Map of Brooklyn’s steam roads, 1885-1890. Mapleton is in red. (From Cunningham & de Hart, 1993)

Large-scale development of Mapleton came in the early 1910s. 100′ x 30′ lots were parceled, and buildings – mostly brick – rose from the former farmland. A 1914 New York Times article crowed that Mapleton “has been developed within five years into one of the choicest home communities in that part of Brooklyn”.

1914 photograph of new developments on 65th Street in Mapleton. (Source. Copyright © The New York Times)

A major reason for the development was the strong probability that the Brooklyn Rapid Transit Company — the predecessor to the Brooklyn-Manhattan Transit Corporation (BMT) — would use the old Sea Beach Railroad right-of-way to connect the area to the greater subway-system. That conversion was completed in 1915, and the new line (now known as the BMT Sea Beach Line) was cited as a major catalyst for the rapid growth of the area.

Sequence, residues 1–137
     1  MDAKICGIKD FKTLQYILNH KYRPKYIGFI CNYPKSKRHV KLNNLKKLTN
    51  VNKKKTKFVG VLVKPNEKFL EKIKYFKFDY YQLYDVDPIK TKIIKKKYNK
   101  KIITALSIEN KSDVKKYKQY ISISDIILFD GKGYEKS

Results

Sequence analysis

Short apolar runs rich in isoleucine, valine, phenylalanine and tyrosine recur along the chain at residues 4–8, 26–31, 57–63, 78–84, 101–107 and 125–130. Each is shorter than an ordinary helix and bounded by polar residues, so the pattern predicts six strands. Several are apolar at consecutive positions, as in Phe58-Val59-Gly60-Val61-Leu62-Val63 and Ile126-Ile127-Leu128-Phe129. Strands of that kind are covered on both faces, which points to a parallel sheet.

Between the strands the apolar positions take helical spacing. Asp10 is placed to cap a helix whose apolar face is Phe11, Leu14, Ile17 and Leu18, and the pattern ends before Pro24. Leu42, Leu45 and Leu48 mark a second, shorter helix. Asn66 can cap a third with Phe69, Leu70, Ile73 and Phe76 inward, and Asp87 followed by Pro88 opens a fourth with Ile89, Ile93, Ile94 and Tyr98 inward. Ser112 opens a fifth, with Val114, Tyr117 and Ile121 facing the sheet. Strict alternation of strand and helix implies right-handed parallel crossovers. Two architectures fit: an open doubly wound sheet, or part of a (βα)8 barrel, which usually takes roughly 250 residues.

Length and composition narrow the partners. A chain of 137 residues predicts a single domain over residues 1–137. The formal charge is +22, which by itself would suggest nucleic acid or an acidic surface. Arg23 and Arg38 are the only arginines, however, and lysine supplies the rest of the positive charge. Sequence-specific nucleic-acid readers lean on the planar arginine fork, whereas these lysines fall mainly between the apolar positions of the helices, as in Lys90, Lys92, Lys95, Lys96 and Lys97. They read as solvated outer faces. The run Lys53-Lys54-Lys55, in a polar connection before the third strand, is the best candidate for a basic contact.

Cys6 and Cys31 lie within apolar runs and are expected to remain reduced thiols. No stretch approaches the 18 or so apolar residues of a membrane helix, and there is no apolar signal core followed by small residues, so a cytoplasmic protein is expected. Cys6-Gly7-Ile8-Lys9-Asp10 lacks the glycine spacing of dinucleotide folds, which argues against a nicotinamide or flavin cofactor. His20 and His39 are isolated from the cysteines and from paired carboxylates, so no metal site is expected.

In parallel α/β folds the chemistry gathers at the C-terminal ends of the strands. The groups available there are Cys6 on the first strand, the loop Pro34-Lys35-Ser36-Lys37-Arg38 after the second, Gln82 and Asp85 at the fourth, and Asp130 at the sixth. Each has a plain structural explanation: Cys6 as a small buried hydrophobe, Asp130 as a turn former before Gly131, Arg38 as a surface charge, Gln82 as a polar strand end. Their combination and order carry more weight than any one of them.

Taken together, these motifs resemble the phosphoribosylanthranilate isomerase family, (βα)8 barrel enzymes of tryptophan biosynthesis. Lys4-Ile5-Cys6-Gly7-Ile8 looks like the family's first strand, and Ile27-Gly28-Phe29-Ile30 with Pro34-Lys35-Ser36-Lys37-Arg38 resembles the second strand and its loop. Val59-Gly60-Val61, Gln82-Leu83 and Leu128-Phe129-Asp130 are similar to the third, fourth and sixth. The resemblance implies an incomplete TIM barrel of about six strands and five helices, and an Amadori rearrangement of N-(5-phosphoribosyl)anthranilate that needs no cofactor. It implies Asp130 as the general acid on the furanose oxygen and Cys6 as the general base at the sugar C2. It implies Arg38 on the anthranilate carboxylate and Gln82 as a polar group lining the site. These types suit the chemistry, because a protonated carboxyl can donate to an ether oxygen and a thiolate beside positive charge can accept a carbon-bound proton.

A few fun facts about the BMT Sea Beach Line, today used by the N train: although it connected to the BMT Fourth Avenue Line, it was the first line entirely within Brooklyn, and so could be called Brooklyn’s own. Mayor John Purroy Mitchel snubbed the opening ceremonies in favor of the launch of the U.S.S. Arizona at the Navy Yard. The line is outside, but is sunk, avoiding the inconvenience and the danger of grade-crossings.

Progress on the Sea Beach Line, 1914. Looking west from 20 Av – note the platform at right. (From BPL’s Brooklyn Collection)

Today, Mapleton is considered part of either Borough Park or Bensonhurst. Two reminders of its old name remain: the Mapleton Branch of the Brooklyn Public Library, and P.S. 48, known as The Mapleton School. I’m guessing the name has fallen into disuse – I mean, I doubt there are many wooded areas left. We’ll find out for sure when I visit.